Publications by authors named "Timothy Light"

21 Publications

  • Page 1 of 1

Risk factors for acquiring vancomycin-resistant Enterococcus and methicillin-resistant Staphylococcus aureus on a burn surgery step-down unit.

J Burn Care Res 2010 Mar-Apr;31(2):269-79

Department of Surgery, The University of Iowa Carver College of Medicine, Iowa City, Iowa, USA.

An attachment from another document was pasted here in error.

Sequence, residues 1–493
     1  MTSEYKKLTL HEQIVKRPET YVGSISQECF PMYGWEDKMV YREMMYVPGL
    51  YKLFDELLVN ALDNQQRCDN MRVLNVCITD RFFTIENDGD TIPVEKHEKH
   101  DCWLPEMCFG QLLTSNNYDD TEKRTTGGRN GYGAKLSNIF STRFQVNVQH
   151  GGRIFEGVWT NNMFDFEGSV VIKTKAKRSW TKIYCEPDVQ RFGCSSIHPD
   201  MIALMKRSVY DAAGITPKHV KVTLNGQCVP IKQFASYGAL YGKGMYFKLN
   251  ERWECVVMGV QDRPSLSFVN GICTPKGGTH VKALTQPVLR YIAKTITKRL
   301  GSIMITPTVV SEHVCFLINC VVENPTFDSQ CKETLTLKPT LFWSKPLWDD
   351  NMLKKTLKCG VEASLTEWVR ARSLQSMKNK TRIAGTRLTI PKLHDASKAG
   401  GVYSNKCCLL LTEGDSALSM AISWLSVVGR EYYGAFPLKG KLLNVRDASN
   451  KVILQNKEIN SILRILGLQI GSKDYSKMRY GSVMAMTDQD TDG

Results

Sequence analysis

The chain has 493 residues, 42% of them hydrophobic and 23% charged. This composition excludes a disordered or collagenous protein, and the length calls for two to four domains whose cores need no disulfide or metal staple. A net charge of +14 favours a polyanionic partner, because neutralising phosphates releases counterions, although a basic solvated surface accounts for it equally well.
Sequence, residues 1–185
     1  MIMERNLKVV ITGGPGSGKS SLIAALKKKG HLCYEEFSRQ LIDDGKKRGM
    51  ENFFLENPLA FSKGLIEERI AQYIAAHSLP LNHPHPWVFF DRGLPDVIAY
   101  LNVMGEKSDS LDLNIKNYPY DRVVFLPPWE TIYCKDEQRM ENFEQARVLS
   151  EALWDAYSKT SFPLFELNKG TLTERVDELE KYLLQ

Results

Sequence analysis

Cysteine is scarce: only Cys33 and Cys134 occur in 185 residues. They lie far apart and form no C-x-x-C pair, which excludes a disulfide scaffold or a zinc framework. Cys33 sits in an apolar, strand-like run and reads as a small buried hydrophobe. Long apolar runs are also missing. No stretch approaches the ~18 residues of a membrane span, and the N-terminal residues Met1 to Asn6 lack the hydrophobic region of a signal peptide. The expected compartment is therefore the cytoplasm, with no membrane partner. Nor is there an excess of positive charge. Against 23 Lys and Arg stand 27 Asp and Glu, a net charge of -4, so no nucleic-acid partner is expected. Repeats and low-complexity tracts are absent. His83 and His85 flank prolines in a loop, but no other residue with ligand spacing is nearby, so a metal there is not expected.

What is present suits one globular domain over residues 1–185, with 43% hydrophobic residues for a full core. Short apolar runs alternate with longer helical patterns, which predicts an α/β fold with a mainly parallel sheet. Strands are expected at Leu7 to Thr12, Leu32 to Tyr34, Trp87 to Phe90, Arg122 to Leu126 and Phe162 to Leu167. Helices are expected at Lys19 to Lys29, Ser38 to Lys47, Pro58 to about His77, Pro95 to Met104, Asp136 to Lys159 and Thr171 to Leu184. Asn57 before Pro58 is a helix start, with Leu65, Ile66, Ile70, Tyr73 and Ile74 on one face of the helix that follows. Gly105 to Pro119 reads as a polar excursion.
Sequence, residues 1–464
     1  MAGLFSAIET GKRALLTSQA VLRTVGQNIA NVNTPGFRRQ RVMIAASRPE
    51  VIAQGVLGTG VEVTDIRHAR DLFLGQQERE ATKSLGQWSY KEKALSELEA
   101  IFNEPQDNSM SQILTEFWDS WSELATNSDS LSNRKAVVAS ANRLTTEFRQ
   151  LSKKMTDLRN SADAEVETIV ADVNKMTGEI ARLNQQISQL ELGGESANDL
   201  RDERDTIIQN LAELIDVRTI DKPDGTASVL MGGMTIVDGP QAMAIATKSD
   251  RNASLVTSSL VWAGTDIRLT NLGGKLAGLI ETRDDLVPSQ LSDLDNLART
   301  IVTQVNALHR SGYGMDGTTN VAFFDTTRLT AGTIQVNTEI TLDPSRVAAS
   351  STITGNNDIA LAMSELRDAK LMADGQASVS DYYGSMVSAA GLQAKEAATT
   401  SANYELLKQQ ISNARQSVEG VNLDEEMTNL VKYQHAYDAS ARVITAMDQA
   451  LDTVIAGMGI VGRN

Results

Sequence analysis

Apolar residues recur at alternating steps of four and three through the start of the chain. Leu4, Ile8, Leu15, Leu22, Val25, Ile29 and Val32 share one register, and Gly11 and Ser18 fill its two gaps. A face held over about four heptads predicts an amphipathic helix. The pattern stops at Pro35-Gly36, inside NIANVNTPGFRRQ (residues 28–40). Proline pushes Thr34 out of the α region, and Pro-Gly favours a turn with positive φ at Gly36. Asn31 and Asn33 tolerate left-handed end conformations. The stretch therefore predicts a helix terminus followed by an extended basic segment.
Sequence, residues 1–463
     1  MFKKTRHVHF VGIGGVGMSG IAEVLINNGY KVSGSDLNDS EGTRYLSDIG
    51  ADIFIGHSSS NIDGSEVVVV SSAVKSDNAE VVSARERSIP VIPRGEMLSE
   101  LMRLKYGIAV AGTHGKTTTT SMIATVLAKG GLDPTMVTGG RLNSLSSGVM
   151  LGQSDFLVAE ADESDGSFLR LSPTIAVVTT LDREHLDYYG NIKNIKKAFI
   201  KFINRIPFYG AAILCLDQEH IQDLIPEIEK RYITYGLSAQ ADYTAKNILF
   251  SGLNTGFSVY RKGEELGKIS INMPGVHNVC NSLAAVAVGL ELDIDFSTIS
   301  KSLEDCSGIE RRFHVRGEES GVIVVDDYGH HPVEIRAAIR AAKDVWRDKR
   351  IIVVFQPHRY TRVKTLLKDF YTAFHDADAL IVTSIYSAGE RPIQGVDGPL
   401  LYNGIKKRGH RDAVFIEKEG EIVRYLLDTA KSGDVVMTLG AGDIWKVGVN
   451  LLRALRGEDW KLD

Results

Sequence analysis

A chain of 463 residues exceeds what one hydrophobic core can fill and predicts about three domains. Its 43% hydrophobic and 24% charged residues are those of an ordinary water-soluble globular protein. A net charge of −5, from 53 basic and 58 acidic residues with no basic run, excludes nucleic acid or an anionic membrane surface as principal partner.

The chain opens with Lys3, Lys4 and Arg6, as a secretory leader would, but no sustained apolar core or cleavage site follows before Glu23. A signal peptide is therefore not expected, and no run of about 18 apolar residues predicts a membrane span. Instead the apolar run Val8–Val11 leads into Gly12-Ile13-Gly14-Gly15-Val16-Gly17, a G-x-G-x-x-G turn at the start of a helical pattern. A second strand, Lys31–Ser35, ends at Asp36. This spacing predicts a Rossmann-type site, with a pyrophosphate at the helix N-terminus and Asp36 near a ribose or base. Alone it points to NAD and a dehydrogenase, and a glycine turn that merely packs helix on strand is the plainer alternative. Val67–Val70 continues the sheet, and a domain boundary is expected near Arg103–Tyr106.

The incidence of hospital-associated infections secondary to methicillin-resistant Staphylococcus aureus (MRSA) and those caused by vancomycin-resistant enterococci (VRE) continue to increase, despite the publication of evidence-based guidelines on infection control. We sought to determine modifiable risks factors for acquisition of MRSA or VRE or both on a burn trauma unit (BTU). We performed a retrospective single-center-matched control study. Our study group comprised 94 patients who acquired MRSA or VRE or both while on the BTU from January 1, 2001 to December 31, 2005. The case-patients were matched 1:1 to control-patients based on the time the cases were exposed to the BTU before they became colonized or infected. Logistic regression was used to analyze the relationship of demographic, procedure, and antimicrobial exposure variables to acquisition of MRSA or VRE. Acquisition of MRSA or VRE was related to patient factors, antimicrobial exposure, and device use. Younger age and prior vancomycin treatment while on the BTU were independently associated with MRSA acquisition. The presence of a Foley catheter was related to VRE acquisition. Sixteen study patients (17.0%) who became colonized on the BTU subsequently acquired 17 infections: six patients had MRSA bloodstream infections, nine had MRSA burn wound infections, and two had VRE urinary tract infections. Younger age, exposure to vancomycin, or Foley catheters were associated with increased risk of acquiring MRSA or VRE. Protocols or algorithms that help physicians remember to assess the necessity of antimicrobial agents and devices may help limit the duration of exposure to these risk factors, which may enhance infection prevention efforts. Future studies need to explore the effect of these variables on cross-transmission and their impact predominately in a burn unit.